I really dislike paying taxes. Even though I realize they are a necessary evil in the type of economy that we live in, I really, really don’t like having to pay. I’d sure like to at least pay less taxes and whenever someone talks about making me pay more, it kind of ruffles my feathers, which is kind of hard to do considering I’m not a bird and don’t have feathers.
But even as bad as taxes are here in this country and as much as they are wasted and spent foolishly and even thought some of the things they are spent on are inherently wrong, I realize that I am not taxed like some other places on the planet. I guess I am grudgingly thankful for my current tax situation.
In the time of Jesus’ birth, the self-glorifying Herod loved to build shrines to himself and in order to pay for them, he simply taxes the daylights out of the Jews. He made no pretense of doing things for the good of Jerusalem. He was totally in the king business to exalt himself above others.
One thing I have noticed is that when I chose to do something wrong, I justified it in my mind. After a while, it quit seeming so wrong and I justified it even more irrationally. Eventually, my mind could make-believe that others that were not doing wrong were doing wrong and I could justify doing even more wrong.
I can see that in Herod’s lifestyle. He took and took and spent and spent, all for himself and not worrying about how it hurt others. And when others didn’t like it, he killed or imprisoned them and took all they had.
Now, I could tell myself that I’ve never been a thief and look at Herod and point and say, “That guy is just awful. I’m sure glad I am not like that!”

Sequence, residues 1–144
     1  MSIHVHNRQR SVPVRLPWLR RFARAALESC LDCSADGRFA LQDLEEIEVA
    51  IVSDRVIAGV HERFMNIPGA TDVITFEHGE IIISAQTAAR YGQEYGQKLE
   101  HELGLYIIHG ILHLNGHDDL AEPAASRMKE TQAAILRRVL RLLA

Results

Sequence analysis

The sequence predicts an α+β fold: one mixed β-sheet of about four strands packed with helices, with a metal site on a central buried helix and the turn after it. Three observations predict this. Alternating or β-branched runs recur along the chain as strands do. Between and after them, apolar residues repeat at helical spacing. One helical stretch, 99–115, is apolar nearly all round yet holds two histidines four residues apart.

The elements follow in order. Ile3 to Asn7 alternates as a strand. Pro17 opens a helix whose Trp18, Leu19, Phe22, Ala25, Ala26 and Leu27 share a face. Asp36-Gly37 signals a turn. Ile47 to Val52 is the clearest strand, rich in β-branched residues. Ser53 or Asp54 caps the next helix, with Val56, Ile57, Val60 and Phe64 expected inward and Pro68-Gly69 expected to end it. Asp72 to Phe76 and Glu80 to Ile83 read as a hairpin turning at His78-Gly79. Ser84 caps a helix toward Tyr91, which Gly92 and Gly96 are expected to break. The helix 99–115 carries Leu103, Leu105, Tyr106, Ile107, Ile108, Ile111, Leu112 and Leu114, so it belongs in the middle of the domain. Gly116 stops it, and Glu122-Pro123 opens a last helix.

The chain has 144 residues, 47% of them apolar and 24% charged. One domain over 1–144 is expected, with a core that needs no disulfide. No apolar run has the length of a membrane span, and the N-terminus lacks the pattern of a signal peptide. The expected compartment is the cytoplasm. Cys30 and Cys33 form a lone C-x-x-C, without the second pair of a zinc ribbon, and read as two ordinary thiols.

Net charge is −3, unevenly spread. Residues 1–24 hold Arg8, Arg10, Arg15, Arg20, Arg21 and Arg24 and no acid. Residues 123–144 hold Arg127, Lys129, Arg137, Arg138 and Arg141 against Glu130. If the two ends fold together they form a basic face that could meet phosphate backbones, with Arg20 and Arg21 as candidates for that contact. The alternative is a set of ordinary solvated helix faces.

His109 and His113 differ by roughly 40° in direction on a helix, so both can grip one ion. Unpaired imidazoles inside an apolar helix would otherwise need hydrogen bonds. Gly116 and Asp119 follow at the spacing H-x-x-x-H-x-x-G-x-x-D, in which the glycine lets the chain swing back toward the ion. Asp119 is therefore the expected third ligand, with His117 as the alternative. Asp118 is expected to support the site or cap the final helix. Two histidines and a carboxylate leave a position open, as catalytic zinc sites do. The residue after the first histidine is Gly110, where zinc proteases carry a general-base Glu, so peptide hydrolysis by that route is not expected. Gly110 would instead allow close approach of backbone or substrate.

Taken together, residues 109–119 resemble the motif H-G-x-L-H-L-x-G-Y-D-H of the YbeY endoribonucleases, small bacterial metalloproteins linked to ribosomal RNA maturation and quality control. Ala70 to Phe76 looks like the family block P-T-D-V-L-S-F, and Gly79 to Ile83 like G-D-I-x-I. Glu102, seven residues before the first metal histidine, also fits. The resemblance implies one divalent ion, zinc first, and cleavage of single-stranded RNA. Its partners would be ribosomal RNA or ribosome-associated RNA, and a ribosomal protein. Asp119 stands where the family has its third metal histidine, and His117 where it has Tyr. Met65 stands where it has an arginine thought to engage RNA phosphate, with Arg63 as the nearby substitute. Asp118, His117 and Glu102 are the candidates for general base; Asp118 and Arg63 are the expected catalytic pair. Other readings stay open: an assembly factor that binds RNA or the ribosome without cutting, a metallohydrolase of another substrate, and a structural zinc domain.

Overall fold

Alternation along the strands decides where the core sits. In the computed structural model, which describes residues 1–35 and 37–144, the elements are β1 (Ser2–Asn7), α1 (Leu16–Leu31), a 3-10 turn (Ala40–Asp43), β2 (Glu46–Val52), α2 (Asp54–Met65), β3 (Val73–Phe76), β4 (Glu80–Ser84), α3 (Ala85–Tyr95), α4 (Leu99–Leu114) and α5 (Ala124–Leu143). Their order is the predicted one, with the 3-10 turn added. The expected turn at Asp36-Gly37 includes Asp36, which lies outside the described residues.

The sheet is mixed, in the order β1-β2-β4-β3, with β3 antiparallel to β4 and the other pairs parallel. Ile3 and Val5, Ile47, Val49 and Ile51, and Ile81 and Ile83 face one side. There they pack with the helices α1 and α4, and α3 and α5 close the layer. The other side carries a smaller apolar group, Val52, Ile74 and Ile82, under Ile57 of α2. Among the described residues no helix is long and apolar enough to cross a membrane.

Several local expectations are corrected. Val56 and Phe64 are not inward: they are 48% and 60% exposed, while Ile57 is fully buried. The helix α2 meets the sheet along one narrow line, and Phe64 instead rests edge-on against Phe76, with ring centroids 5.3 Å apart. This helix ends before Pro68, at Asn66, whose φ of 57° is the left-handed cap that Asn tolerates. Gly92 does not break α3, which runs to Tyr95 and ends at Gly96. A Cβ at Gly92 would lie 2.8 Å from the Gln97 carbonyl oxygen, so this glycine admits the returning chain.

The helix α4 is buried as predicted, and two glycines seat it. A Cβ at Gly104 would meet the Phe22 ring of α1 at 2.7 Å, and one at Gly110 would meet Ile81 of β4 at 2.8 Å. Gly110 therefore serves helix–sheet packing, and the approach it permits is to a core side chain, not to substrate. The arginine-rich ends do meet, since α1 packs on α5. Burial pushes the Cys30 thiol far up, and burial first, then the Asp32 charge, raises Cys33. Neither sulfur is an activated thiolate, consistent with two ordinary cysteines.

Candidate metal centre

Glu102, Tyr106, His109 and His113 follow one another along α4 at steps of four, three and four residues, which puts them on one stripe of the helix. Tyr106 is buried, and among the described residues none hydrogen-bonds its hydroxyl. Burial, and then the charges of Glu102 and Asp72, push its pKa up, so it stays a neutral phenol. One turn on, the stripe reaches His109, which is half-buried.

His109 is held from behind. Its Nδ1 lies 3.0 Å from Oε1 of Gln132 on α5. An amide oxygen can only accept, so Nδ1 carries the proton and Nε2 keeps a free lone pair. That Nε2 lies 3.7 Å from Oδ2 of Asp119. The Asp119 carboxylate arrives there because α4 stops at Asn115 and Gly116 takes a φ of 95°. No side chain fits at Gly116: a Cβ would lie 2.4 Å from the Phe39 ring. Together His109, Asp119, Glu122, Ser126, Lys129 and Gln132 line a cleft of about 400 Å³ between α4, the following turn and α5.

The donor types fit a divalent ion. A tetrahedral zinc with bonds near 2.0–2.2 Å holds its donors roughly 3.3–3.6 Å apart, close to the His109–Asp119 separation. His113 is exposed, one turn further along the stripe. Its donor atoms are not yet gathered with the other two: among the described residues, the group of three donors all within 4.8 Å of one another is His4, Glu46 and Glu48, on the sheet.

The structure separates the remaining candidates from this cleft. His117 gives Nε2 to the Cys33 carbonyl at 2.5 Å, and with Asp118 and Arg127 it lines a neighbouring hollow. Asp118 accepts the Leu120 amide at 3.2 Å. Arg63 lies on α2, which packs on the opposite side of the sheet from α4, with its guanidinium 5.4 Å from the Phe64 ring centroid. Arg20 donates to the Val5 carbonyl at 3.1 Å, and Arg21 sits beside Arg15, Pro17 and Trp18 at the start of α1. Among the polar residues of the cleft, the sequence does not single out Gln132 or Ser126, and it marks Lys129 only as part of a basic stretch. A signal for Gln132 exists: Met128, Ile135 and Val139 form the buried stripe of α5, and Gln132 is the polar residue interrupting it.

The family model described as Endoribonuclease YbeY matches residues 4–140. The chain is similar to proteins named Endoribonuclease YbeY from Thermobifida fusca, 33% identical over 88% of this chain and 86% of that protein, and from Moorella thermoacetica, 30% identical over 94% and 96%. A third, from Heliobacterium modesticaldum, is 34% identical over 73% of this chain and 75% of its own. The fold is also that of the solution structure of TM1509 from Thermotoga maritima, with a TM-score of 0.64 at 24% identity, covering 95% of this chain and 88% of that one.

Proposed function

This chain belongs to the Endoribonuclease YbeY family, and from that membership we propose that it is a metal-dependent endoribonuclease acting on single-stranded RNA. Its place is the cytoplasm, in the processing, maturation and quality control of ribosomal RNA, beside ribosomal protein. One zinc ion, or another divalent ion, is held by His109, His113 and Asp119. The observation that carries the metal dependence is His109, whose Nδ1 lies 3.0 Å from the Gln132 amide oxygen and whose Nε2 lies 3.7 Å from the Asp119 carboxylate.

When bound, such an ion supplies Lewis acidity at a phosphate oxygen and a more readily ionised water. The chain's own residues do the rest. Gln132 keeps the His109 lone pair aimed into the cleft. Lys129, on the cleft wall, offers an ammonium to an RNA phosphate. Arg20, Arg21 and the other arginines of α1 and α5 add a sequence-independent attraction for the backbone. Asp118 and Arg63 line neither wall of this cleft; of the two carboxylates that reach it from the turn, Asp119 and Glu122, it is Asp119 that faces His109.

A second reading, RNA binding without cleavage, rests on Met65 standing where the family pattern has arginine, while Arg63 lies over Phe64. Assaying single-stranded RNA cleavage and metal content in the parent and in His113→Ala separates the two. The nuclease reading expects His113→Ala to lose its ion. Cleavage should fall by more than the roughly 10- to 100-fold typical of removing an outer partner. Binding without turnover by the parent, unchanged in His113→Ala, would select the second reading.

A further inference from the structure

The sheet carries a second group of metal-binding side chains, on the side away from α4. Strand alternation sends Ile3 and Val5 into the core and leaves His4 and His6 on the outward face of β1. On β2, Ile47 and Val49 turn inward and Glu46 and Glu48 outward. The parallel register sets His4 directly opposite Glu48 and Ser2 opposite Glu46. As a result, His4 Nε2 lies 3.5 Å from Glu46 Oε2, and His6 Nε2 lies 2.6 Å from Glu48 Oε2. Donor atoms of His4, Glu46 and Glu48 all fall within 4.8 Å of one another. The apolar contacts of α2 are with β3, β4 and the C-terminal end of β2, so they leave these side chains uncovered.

But the truth is that throughout most of my life, my relationships, even my relationship with God, has been all about me and how I can look better than the lowly remainder of the world that isn’t me. It took a long time to see this. I did it so long that my brain kept insisting that I wasn’t like that. The hardest lies to crack are the ones I tell myself.
Matthew 2:7 Then Herod called for a private meeting with the wise men, and he learned from them the time when the star first appeared. 8 Then he told them, “Go to Bethlehem and search carefully for the child. And when you find him, come back and tell me so that I can go and worship him, too!”
Herod lied to others about his intentions. He was worried what the new king, a rightful kind born of the people, would do to his exalted position. He tried to use others to further his selfish plan and put down any notion of a true king.
Lying to myself helped me become great at lying to others. I’m not sure just how much others believed me, I only know that I believed that they believed me. That’s another lie I may have been telling myself. Lying gets pretty complicated after a while.
I do know that a lot of the things I said and did seemed noble and righteous at times but my true intentions were all about me. A lot of times they still are. It is important to sit down and face truth for a while now and then. Let truth walk all over the things I think I need and the things I think and feel. It gives me an attitude adjustment and kicks Herod out of my brain for a while.